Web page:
I’ve been putting off a thorough re-design of my patterns for some time, I put new covers on a while ago, but I knew more was needed. A lot of patterns have way too many pages, so I’ve opted for a 2-column design, the free patterns no longer have a cover so the pattern starts immediately. The patterns for sale now start with a picture and materials required on the first, the actual pattern starting on the second page. Some patterns have gone down from 9 pages to 4, oh my goodness, serious bloat!!
Here’s a gallery of the front covers so far…hopefully it shouldn’t take much longer, as I’m in the middle of a personal project that I can’t wait to share, and I’ve got an ever increasing list of ideas, including something to do with bat wings!!
Hand knitted versions of six Lincolnshire parish churches will go on display at Lincoln Cathedral in August.
The knitted churches have all been hand-crafted by community groups as part of the artsNK managed Woolly Spires project and will be on display from August 1 to 30.
The exhibition includes one church from each district of Lincolnshire: St Denys’, Sleaford; St Mary & St Nicolas, Spalding; St Botolph’s (the Stump), Boston; St James’, Louth; St Wulfram’s, Grantham; and St Mary’s (Stow Minster), Stow.
A yarn bomber says vandals who repeatedly removed her woollen artwork, throwing it around a Hertfordshire town, have done her “a big favour”.
Laura Whitford decorated the centre of Royston with colourful nets and bunting to publicise a craft fair on Saturday.
The nets have been thrown on to a roof and into trees almost every day since she put them up on Sunday night.
However, Mrs Whitford put her story online and said so many people saw it, everyone “now knows about the fair”.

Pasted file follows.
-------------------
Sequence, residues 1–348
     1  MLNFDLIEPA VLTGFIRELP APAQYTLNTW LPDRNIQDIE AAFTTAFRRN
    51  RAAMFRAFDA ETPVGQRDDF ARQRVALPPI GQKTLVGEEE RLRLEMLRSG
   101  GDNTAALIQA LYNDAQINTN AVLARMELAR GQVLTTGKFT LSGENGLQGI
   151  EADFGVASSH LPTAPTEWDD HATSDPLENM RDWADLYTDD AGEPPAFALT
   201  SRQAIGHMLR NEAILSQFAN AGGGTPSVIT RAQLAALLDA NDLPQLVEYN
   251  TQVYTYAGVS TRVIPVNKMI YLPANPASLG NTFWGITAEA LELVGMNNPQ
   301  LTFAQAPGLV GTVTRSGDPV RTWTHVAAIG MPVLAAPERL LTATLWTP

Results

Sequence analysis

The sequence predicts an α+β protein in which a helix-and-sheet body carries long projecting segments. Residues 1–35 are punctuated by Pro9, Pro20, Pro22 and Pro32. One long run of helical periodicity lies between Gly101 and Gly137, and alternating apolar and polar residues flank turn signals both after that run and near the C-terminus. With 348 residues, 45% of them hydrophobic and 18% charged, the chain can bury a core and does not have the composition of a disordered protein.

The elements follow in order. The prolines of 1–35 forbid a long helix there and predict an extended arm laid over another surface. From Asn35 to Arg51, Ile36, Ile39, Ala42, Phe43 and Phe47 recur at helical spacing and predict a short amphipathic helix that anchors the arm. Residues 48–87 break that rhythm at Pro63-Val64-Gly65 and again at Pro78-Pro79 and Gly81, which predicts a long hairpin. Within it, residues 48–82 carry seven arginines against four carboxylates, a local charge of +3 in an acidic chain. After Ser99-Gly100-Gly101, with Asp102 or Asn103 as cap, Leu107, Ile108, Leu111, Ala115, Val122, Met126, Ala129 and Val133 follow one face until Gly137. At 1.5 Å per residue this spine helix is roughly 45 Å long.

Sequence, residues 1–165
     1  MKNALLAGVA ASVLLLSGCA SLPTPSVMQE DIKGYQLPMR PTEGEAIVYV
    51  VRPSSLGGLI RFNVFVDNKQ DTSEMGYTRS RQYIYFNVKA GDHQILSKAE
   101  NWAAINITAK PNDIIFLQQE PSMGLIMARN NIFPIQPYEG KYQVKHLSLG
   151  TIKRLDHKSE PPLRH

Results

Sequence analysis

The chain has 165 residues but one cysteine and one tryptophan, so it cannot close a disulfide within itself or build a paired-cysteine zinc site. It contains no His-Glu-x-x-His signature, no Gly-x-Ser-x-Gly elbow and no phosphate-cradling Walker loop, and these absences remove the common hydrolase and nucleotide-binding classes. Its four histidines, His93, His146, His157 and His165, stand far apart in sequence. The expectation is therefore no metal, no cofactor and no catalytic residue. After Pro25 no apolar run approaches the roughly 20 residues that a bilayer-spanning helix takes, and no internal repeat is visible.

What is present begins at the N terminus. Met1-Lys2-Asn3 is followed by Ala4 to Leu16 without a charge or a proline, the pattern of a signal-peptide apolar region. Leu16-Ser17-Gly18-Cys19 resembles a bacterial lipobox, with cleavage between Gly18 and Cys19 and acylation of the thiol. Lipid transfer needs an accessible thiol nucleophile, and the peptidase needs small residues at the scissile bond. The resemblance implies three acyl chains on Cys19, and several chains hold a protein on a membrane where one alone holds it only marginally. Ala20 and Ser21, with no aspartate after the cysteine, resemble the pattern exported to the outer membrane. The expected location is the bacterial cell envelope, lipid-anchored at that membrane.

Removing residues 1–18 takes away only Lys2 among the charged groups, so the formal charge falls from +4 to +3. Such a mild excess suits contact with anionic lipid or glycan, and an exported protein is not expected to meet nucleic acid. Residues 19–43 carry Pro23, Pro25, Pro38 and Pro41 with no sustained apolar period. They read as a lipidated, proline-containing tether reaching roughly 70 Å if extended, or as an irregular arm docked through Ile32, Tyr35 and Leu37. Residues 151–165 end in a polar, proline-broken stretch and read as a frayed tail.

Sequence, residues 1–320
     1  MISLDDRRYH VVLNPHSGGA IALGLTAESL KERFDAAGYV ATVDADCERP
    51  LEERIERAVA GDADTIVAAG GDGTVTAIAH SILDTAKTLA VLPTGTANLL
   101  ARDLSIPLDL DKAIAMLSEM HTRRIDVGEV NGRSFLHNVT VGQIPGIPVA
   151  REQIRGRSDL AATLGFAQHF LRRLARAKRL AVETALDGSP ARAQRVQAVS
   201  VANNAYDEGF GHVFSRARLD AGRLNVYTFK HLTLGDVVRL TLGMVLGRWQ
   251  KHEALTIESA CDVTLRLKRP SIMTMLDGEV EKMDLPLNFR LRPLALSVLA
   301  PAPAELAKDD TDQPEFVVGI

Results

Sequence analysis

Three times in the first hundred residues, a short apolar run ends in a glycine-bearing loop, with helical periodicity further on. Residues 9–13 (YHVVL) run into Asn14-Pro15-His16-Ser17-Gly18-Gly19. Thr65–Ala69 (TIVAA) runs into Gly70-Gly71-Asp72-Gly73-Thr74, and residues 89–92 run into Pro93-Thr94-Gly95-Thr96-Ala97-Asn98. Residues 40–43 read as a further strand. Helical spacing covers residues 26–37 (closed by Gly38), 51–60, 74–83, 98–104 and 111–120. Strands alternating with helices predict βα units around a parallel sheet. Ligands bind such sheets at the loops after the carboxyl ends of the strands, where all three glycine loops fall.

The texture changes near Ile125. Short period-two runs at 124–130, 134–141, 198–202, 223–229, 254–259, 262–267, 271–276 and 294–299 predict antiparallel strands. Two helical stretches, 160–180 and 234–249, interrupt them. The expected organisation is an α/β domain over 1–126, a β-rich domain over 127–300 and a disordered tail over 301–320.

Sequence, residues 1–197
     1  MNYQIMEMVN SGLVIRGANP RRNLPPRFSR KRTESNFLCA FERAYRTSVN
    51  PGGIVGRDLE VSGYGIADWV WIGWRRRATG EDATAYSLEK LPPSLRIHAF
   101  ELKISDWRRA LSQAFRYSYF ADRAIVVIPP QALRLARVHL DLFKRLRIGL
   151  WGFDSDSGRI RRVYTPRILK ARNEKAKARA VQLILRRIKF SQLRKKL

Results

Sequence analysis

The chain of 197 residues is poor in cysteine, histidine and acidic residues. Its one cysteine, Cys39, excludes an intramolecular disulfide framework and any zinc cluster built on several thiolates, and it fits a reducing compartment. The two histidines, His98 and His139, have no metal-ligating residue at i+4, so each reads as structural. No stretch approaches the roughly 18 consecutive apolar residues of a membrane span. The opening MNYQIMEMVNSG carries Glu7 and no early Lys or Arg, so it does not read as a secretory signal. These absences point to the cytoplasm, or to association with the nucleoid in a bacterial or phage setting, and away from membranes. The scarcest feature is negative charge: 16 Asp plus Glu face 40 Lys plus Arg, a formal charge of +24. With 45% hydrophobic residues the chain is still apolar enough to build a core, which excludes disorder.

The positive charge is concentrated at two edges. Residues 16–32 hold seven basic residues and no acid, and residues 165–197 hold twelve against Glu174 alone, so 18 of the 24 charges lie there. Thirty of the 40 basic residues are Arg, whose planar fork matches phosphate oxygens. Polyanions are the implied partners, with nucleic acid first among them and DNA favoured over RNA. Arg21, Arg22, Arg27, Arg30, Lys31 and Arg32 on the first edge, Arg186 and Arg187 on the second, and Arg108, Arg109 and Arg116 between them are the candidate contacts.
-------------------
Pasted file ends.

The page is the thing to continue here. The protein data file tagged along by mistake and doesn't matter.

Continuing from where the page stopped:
And if that wasn’t bad enough, I also found this article;
Colourful knitting left on a cycle path was “littering” and it will be removed, according to Dumfries and Galloway Council.
Dumfries was “yarn-bombed” on Tuesday night by a group known as the “Bollard and Chicane Protection Authority”.
They left knitted and crocheted items on bollards and railings.
In a blog post, the group said: “This is a town with some nice cycle paths but far too many invisible bollards (and chicanes).”
They said they were designed to be seen in all light conditions,. A reflective thread ensured they were visible at night.
But the local authority has condemned the move.
A spokesman said: “If the positioning of bollards and other street furniture is an issue for people, they should raise the matter with the council directly.
“However colourful the yarn may be, it is littering and will be removed as part of ongoing maintenance.”
However, a later statement seemed to soften that stance.
“We appreciate arts and crafts in the region and this is certainly a very colourful way to draw attention to an issue,” it said.
“If the group contact the council we would be happy to listen to their thoughts.”